By TAL KOPAN, Politico
As the 50th anniversary of John F. Kennedy’s assassination approaches next month, polling released Tuesday as part of a new book about Kennedy’s legacy shows that he remains one of the most highly rated presidents of the past 50 years.
Asked to rate all the presidents from 1950-2000 on a scale of 0 to 10, Kennedy scored the highest, at 7.6. He was followed by Ronald Reagan, at 6.9, Dwight Eisenhower, at 6.8, and Bill Clinton, at 6.7. None of the other presidents scored above a 5.0.
Nevertheless, Kennedy would not be Americans’ first choice to bring back as the next president, if any former leader alive or dead could serve again. Asked who they would most want to bring back, 24 percent of adults chose Reagan, 21 percent chose Clinton and 13 percent chose Kennedy. Abraham Lincoln was next, at 9 percent.
The findings, from a survey of more than 2,000 adults conducted this summer, were released Tuesday to coincide with the release of a new book from University of Virginia political scientist Larry Sabato, which takes on evidence of popular conspiracy theories about Kennedy’s assassination and analyzes his lasting legacy.
At a press conference unveiling his book at the Newseum in Washington, D.C., on Tuesday, Sabato said it was the findings on the impact Kennedy’s life has had that most struck him, not the findings about his death.
“The most important thing didn’t have anything to do with the assassination, it was the fact that even though John Kennedy had a terribly abbreviated tragic presidency, he’s actually lived for 50 years through nine successors,” Sabato afterward told a handful of reporters, which included press from the U.K., Germany and Korea.
The 624-page book, “The Kennedy Half Century: The Presidency, Assassination, and Lasting Legacy of John F. Kennedy,” was the result of five years of research, and it examines the findings of the Warren Commission and House Select Committee on Intelligence on Kennedy’s death as well as the ways that Kennedy’s successors invoked him in their own presidencies.
Sabato said the other important takeaway from the book was debunking one of the most widely cited conclusions of a conspiracy in Kennedy’s death, the conclusion by the House committee that a police recording proves there were more gunshots than Lee Harvey Oswald could have fired.
“The second finding clearly is the assassination one, because there has been so much cynicism generated about the assassination and so many of the theories are just bogus, they’re just completely wrong. Now we haven’t eliminated all possibilities, but we certainly have taken one right off the table,” Sabato said.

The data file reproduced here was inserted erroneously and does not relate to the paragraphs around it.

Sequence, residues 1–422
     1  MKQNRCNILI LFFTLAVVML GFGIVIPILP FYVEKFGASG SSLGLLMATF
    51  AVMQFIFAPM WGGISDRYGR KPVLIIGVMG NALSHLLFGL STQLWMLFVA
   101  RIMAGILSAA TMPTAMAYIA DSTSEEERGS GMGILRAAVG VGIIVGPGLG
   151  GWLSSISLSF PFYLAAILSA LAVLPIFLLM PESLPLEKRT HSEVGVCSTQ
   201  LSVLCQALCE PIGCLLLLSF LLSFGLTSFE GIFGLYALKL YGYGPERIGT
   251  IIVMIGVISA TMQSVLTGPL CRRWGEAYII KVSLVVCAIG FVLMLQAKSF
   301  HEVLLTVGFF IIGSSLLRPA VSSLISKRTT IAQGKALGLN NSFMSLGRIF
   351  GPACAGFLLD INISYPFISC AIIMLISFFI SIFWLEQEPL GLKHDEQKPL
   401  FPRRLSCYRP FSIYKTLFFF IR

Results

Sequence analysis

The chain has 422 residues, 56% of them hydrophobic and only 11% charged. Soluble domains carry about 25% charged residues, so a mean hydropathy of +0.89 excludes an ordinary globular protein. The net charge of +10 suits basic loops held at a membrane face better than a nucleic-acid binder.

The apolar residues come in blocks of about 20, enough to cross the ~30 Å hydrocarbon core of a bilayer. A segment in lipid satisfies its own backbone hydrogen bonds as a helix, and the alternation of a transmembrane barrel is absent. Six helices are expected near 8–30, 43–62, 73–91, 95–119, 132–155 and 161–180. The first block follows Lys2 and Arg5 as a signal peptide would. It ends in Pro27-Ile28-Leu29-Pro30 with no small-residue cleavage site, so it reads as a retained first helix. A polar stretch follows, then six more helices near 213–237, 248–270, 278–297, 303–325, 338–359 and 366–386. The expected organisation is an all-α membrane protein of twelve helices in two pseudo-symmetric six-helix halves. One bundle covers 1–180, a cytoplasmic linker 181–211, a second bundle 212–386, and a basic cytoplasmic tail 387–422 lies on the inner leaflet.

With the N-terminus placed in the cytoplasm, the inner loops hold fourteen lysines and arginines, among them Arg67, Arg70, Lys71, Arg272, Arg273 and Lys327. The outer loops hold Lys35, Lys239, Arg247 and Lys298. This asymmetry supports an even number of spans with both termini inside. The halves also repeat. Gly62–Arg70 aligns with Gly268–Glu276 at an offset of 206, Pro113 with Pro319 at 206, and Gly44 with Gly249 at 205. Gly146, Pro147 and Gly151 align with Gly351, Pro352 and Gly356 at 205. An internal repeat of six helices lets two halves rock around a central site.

In a preview of the book to POLITICO, Sabato unveiled Monday that a key piece of evidence used by the House committee investigating Kennedy’s assassination to support a conspiracy theory about his death was disproven by his research.
Sabato’s study found that an audio recording from a police officer’s motorcycle that purportedly captured the sound of four gunshots, none from the grassy knoll, was actually nothing of the sort. The police officer was more than two miles away from the motorcade where investigators had previously placed him, Sabato said, and the sounds on the recording are not gunshots at all.
The audio was part of a collection of recordings of all police dispatch communications in Dallas made the day of Kennedy’s assassination, and Sabato announced Tuesday that as part of the book project, the entire 30,000-word audio and transcript of those will be released as part of an app next week.
On Tuesday, Sabato said that his research also confirmed that the Warren Commission’s investigation into Kennedy’s death was inadequate, and a definitive explanation of the day’s events is likely lost forever. In rushing to release findings that confirmed what they wanted to believe, Sabato said, the Warren Commission’s actions have left us with as many questions than answers.
“The many inadequacies of the Warren Commission have condemned us as a nation to 50 years of unending suspicions and cynicism about the assassination,” Sabato said. While the American public was willing to pay whatever it took and wait as long as needed for the commission’s findings, “instead the Warren Commission’s shortcuts and hidden deceptions have led to a half century of second guessing and a cavernous credibility gap.”
Sabato said while he believes Oswald fired the shots that killed Kennedy, Americans will likely never know if he acted alone or was encouraged or supported in his actions by anyone else.
A key missing piece of the puzzle, Sabato said, are documents from the CIA and FBI that are sealed until October 2017, and he urged the public to do its part to ensure that release isn’t blocked, including asking all 2016 presidential candidates whether they will seek to prevent the release of any of the documents.
“No one can write the definitive book on this subject without examining those documents,” Sabato said.
The book and app are part of the University of Virginia Center for Politics’ larger Kennedy Legacy Project, which also includes an online course, a website and a forthcoming PBS documentary.
Source and special thanks: Politico